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June 4, 2018

...UNLESS CONGRESS ACTS TO PROTECT COAL MINERS AND WIDOWS

WHITESBURG, KY -- Unless Congress takes action before the end of 2018, major financial problems face the public fund that provides black lung benefits to coal miners and their surviving dependents in cases where the miners’ employer has gone bankrupt, according to a Government Accountability Office (GAO) report released today.[1] In short, the safety net meant to help alleviate the harm from black lung when coal companies go bankrupt is itself in danger of insolvency.

“What’s unfolding across Appalachia right now is a national disgrace,” said Appalachian Citizens’ Law Center attorney Wes Addington. “Black lung is completely preventable, yet the disease is now afflicting an astounding 1 in 5 miners in Appalachia. The coal industry’s unconscionable response to the black lung epidemic has been that coal miners get black lung disease—and nothing else.”

Nearly 20,000 families across all 50 states depend on the Trust Fund, including more than 4,000 in Kentucky.[2] Dewanna Logan from Harrodsburg, Kentucky explains, “My husband Roy died from black lung when he was 55 after working as a coal miner for 20 years. The company where he worked went bankrupt, so I rely on the Black Lung Trust Fund for the little bit of benefits I get each month. Without the Trust Fund, I would be left with nothing from the disease that Roy suffered from.”

The Black Lung Disability Trust Fund is in dire need of protection for two reasons. First, we are in the midst of a sharp resurgence of black lung among coal miners—recent government data shows that rates of black lung have doubled since 2000.[3] Second, a wave of bankruptcies in the coal industry is putting increased pressure on the Trust Fund as the safety net for miners disabled by black lung. In 2017 alone, more than 2,500 black lung claims were transferred to the Trust Fund due to coal company bankruptcies.[4]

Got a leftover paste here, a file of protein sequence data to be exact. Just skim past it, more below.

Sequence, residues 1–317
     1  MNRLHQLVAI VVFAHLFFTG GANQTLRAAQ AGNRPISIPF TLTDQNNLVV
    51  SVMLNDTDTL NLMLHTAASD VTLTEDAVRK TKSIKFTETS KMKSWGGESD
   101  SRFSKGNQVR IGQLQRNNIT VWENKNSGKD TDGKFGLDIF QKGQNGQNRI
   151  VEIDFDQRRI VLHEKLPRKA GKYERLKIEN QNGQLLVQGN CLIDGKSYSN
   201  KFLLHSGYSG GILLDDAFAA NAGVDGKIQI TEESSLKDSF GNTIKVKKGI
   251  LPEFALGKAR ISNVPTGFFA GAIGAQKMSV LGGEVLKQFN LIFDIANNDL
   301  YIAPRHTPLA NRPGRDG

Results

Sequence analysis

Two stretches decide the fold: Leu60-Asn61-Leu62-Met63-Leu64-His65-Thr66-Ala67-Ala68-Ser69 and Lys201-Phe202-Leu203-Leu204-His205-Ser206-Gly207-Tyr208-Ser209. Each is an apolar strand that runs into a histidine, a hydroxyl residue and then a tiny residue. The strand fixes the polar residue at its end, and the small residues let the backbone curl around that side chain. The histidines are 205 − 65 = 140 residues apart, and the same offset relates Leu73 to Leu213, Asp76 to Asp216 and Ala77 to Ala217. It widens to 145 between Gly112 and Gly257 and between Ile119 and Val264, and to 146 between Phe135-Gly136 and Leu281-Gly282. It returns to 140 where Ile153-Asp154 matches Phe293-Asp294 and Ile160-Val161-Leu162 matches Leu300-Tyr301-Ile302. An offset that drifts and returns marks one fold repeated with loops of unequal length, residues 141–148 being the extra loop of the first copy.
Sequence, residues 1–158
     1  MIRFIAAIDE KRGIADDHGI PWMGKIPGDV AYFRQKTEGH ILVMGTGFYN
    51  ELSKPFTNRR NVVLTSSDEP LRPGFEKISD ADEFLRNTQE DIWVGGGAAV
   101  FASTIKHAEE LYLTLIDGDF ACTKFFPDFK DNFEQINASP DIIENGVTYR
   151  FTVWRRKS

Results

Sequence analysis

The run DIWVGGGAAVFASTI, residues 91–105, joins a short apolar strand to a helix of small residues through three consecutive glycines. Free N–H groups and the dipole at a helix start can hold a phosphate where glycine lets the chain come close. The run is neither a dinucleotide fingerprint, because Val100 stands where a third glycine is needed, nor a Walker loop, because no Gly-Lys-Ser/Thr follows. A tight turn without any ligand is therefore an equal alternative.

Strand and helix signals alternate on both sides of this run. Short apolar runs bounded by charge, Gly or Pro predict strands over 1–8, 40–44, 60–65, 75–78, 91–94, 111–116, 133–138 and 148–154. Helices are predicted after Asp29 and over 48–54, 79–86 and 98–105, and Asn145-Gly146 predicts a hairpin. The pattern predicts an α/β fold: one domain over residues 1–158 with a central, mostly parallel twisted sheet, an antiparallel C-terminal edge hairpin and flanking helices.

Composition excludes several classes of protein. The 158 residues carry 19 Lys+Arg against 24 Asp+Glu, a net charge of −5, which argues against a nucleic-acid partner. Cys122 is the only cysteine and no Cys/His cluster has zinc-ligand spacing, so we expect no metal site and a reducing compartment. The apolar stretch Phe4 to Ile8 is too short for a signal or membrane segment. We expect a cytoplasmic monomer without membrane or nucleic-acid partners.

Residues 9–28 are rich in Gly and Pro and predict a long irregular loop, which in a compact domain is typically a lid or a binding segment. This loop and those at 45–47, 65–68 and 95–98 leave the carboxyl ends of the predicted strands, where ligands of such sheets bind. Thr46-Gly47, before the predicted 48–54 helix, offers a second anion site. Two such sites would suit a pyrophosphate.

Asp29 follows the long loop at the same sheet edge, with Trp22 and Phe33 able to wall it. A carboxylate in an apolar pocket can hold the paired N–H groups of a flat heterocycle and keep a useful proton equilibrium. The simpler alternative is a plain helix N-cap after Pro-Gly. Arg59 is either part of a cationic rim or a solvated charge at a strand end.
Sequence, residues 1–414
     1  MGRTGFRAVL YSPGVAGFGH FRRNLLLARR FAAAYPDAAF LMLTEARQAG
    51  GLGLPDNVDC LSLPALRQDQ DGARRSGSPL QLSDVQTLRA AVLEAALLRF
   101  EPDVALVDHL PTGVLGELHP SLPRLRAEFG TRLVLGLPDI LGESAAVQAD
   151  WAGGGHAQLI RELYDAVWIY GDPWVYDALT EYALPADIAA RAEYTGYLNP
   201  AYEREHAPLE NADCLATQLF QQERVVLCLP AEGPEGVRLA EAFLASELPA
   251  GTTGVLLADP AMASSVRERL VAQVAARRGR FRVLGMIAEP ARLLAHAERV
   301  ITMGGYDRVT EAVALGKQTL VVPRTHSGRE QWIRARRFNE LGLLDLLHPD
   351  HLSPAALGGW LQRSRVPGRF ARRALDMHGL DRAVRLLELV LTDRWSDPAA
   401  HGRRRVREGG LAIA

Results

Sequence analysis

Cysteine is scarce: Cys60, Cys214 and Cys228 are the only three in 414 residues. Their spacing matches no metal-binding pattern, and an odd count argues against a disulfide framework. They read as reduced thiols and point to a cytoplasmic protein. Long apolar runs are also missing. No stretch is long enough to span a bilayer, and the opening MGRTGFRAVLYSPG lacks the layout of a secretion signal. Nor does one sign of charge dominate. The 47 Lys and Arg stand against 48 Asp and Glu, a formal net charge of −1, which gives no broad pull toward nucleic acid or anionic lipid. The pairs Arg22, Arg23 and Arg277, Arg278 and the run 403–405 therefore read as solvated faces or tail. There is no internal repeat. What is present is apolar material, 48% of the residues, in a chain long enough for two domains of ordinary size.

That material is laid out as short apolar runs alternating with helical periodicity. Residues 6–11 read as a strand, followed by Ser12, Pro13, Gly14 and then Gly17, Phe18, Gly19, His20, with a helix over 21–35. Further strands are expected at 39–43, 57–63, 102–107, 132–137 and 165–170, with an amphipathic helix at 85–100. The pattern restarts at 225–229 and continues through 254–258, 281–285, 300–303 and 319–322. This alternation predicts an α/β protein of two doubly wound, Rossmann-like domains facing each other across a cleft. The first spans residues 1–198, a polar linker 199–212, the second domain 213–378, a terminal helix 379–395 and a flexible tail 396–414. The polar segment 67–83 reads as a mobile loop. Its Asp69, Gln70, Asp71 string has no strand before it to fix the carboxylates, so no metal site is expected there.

As attorney Evan Smith explains, “Coal miners are facing a one-two punch: black lung is worse than ever before and at the same time, the coal industry’s big players are filing for bankruptcy. The Black Lung Trust Fund is all that many coal families have left.”

The Trust Fund is financed by the Black Lung excise tax on coal operators. Today’s report found that increasing the tax by 25% would enable the Trust Fund to pay off its debt by 2050. Appalachian Citizens’ Law Center and other black lung advocates call on Congress to protect the Black Lung Disability Trust Fund by increasing the black lung excise tax by 25% or, at the bare minimum, maintaining the current rate on coal companies that has been in place for the last several decades.